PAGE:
Pearly Whites With Charcoal Toothpaste, Does It Work?
The internet is sprawling with posts touting the magic of charcoal teeth whitening. Photos of teeth covered with black paste paradoxically resulting in pearly whites are all the current rage! It’s not surprising then, that our patients have many questions regarding its effectiveness and safety. Here, we aim to answer some of those concerns.
What exactly is charcoal teeth whitening?
Charcoal whitening aims to whiten teeth using activated charcoal. Activated charcoal is a form of treated carbon, making its surface porous. This porous surface allows in theory, for the absorption of all sorts of particles. In the case of teeth, the absorption of staining, but also tartar and bacteria.
Activated charcoal is commonly purchased in a powder form but can also be found in some toothpastes.
Does activated charcoal actually whiten teeth?
Activated charcoal can assist in the removal of extrinsic stains, also known as surface stains. Surface staining includes but is not limited to stains from tea, coffee, red wine or tobacco. These stains lie on the outer layer of the tooth and can generally be removed by effective brushing techniques and scale and cleans at the dentist.
Intrinsic stains, however, the darkness which comes from within the tooth cannot be corrected with charcoal whitening. This form of staining can result from thinning of the enamel, past trauma to the teeth and even certain types of medications. Whitening of these teeth can only occur from bleaching treatments which penetrate into the teeth.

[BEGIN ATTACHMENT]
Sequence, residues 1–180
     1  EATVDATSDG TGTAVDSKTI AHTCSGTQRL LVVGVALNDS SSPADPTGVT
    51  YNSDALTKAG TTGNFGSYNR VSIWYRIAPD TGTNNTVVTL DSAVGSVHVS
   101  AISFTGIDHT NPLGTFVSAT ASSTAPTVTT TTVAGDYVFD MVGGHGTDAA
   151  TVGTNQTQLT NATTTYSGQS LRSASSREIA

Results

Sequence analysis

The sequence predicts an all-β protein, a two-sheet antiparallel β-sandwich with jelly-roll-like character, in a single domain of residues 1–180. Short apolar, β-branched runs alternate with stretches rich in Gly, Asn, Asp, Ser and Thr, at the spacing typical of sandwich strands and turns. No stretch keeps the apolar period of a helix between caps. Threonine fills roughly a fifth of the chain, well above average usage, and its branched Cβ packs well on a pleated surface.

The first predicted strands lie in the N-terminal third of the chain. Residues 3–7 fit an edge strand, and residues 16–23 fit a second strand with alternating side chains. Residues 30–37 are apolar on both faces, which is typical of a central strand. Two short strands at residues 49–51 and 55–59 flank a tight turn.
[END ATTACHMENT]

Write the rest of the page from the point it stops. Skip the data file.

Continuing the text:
If you are considering teeth whitening please click here for more information or please feel free to contact us!
What are the concerns surrounding charcoal teeth whitening?
The predominant concern associated with charcoal whitening is its abrasiveness. Wear to the outer surface of teeth can be counter-productive to the whitening process. Not only can wear result in darker teeth, but damage to the enamel can also result in teeth sensitivity.
With the huge number of charcoal products up for purchase online; quality control also presents as an issue. What exactly is in the product you purchase? Is it activated charcoal? What is the percentage? What else is mixed in with the charcoal? Is there fluoride in the product? All relevant questions that should be asked, but difficult to find the answers too.
Although in theory charcoal whitening can assist in clearing superficial stains there is inadequate research to support its effectiveness and safety. With a plethora of equivalent proven products, whose safety is also assured; why take the risk.